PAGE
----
Mike Papantonio: I think globalization is, is dead in the water. Globalization to me and I, this is just my opinion. I mean, everybody has a different opinion on this, obviously. It was a wrong start to begin with. What it was was Bill Clinton was trying to embrace Wall Street.

Mollye Barrows: Right.

Mike Papantonio: So one of the asks by Wall Street was, can you let us push globalization? And what that meant to them is, will you let our corporations send jobs out of the country? Will you let our corporations be told what they can and can’t produce?

Mollye Barrows: But they sell it to the American people, like you’re going to get cheaper stuff.

Mike Papantonio: Like this is gonna be better for you.

Mollye Barrows: But it’s not.

Mike Papantonio: And it’s a lie.

Mollye Barrows: Just like their ability to sue. They can come in there and we have to pay?

Mike Papantonio: It’s worse than that, Mollye. It’s worse than that. They can come to the United States, a foreign company can come to the United States and say, we don’t like that the EPA has told us that we can’t dump our toxic chemicals into your river, therefore we’re going to sue you and get paid by the taxpayer.

Mollye Barrows: So we can poison you.

Mike Papantonio: So we can poison you. So that’s globalization. So Robert Eglet, he’s again, he’s a brilliant lawyer. He’s taken the other side of it. He said, okay, you can do that to us. We’re going to do this to you.

Mollye Barrows: Right.

Mike Papantonio: He’s going to win. This case is going to, this case has got, it’s going to be a year just going into the Hague just to get them served. But he’s going to win this case.

Mollye Barrows: Well, and it seems like there’s fairly broad jurisdiction and as much as if you do business in the United States, then there’s a good chance that we can sue you if you’re a foreign country. So it’s not unheard of. Like you said, Levin Papantonio handling their own litigation against Iran. Where do you see this going though? Other lawsuits being filed? Robert Eglet, I thought was interesting, commented on a couple of other lawsuits out of Florida, but he said they’re too wide and he felt like this one because of the trade angle would be.

Mike Papantonio: The Florida cases are way too broad. They’re trying to encompass too much. This is a narrow case. We can show that your conduct directly affected this business. It’s called legal causation. You have to be able to tie up the conduct with the event, and that’s what he’s doing.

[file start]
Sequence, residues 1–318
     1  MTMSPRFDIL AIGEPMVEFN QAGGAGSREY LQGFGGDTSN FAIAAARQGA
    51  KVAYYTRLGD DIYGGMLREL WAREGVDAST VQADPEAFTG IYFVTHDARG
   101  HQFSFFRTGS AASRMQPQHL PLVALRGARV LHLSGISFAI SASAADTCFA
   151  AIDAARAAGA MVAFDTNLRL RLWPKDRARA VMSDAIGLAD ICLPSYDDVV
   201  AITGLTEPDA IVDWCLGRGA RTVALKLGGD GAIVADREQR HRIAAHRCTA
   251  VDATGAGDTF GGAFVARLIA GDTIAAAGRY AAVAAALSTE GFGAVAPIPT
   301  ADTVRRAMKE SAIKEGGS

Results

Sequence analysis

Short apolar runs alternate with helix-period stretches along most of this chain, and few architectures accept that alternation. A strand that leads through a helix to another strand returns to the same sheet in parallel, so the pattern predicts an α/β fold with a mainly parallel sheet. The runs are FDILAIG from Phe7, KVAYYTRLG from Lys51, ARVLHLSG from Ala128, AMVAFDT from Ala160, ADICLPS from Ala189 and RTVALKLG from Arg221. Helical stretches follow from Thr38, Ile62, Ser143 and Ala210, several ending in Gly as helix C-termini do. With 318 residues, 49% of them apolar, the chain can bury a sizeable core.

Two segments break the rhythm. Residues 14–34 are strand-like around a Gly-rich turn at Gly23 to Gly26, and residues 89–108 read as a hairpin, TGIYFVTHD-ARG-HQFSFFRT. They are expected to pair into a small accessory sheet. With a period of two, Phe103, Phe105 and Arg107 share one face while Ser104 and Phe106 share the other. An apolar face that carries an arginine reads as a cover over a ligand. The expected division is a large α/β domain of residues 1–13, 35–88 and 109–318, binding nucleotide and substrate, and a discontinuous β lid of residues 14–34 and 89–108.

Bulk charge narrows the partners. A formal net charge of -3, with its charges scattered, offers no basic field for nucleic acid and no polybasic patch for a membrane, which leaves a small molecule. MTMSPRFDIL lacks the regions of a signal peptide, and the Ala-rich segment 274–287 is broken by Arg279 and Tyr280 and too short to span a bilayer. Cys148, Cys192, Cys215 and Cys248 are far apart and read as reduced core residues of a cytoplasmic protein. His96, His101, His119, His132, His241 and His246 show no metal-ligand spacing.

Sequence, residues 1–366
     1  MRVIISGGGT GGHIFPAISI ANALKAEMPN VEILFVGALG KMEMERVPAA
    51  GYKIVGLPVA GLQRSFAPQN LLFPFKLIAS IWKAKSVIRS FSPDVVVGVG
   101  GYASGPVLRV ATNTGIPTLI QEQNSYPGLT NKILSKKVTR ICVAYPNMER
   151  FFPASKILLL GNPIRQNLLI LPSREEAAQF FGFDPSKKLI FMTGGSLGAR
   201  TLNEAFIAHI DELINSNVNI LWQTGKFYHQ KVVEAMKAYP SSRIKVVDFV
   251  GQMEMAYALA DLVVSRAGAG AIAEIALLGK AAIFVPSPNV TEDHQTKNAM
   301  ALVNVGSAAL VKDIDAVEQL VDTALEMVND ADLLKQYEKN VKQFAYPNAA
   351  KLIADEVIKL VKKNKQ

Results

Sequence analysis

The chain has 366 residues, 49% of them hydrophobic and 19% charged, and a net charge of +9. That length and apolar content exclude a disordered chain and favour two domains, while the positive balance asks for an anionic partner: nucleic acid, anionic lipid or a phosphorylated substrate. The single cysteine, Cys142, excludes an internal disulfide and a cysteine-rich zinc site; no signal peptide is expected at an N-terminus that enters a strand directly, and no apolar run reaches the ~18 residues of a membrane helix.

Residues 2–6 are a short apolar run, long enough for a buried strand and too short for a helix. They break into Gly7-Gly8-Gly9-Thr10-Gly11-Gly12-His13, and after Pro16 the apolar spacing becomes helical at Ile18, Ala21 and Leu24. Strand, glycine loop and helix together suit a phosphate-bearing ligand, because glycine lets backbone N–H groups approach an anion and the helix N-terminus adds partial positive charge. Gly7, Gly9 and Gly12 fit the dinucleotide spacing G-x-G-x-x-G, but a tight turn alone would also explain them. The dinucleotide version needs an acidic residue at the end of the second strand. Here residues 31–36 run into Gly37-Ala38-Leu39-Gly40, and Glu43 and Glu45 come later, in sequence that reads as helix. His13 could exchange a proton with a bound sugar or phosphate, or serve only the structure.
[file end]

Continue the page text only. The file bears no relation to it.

Mollye Barrows: Interesting.

Mike Papantonio: Mollye Barrows, oh, this is an interesting case.

Mollye Barrows: We’ll follow up for sure.

Mike Papantonio: We’re going to be, we’ll be talking about this one a lot. Thanks for joining me. Okay.

Mollye Barrows: Thanks, Pap.

Mike Papantonio: Finally tonight, some good news. A federal judge last week ruled that the permit for the Keystone XL pipeline was wrongly issued and therefore the permit is not valid. This is a major win for the environment and for activists who’ve been fighting against the pipeline for years. In his ruling, judge Brian Morris said that the US Corps of Engineers failed to do a proper environmental review of the project, which is a violation of the law. The reason the environmental review was not properly conducted by the government is because it would show without a doubt that this pipeline is going to cause more harm than good. Proponents of the pipeline have argued for years that it’s necessary so that we can lower energy prices for Americans. But the truth is that this pipeline is going to stretch from Canada to the Gulf coast where the oil would be loaded onto oil tankers and shipped overseas, not for us, but for other people. The United States would assume all of the environmental risk while reaping zero benefit from the increased pollution. This pipeline is a bad deal for both the environment and for American consumers, and the sooner the whole thing is put to rest, the better.

That’s all for tonight. Find us on Twitter, at Facebook You can watch all RT America programs on Direct TV, Channel 321 and also stream them live on your YouTube and be sure, check out this new portable app that RT has put together where you can watch virtually anything that’s on the air. I’m Mike Papantonio, and this is America’s Lawyer, where every week we tell you the stories that corporate media is not, they’re ordered not to tell the story because of their political contacts or because of their advertisers. We’re going to tell those stories anyway. Have a great night.

Mike Papantonio is an American attorney and television and radio talk show host. He is past president of The National Trial Lawyers, the most prestigious trial lawyer association in America; and is one of the few living attorneys inducted into the Trial Lawyer Hall of Fame. He hosts the international television show "America's Lawyer"; and co-hosts Ring of Fire Radio, a nationally syndicated weekly radio program, with Robert F. Kennedy, Jr. and Sam Seder.